Little is known about Joshua Abraham Norton's youth since he was not exactly from an aristocratic family. It is believed that he was born around 1815, as can be deduced from the inscription on the plaque on his coffin ("[died] at the age of 65"), but other sources (naval passenger records, businessmen's association records...) suggest alternative dates. What is certain is that, although he was probably originally from a suburb of London called Deptford -now absorbed by the capital-, most of his early life was spent in South Africa, where his parents -Jewish merchants- emigrated in 1820 under the British colonization plan dictated that year.

After the death of his parents, Joshua set sail for the land of promise that was the young USA in the Franceska and arrived in San Francisco on November 23, 1849. With him, he carried his father's inheritance, forty thousand American dollars, thanks to which he was able to start a new life in businesses such as the commodities market and real estate speculation that gave him a fairly well-to-do position so that by the end of 1852 he had become one of the most prosperous men in the city.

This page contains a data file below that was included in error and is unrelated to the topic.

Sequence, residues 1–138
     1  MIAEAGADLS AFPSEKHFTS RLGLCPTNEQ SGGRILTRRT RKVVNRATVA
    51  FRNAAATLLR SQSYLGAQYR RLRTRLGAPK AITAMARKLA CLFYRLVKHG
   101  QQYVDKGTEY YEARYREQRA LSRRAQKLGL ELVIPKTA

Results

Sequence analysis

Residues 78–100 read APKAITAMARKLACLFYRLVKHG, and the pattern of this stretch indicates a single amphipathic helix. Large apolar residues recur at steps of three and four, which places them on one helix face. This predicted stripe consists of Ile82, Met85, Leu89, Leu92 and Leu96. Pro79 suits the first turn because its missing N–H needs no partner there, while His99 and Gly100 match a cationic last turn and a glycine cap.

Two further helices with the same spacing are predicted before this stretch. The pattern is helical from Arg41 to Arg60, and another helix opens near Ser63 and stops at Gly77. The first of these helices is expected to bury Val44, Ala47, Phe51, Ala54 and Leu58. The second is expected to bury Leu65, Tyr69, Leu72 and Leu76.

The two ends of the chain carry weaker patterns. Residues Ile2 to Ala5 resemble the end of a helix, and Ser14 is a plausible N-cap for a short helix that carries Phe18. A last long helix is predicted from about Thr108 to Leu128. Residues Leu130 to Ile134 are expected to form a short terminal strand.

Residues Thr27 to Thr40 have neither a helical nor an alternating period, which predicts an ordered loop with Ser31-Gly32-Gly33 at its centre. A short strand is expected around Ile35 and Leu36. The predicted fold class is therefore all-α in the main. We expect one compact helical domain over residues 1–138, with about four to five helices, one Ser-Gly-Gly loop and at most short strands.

He had not yet finished that year when he saw what he considered a unique opportunity: the famine that China was going through -which would drive a strong migratory wave precisely to San Francisco- made the oriental country prohibit the export of rice so that the price of rice skyrocketed in the USA. Norton learned that the ship Glyde was returning from Peru with a huge cargo of rice (ninety-one thousand kilograms) and bought it in its entirety for twenty-five thousand dollars with the idea of cornering the market and selling it at an even higher cost since he had previously acquired all the stocks he could find.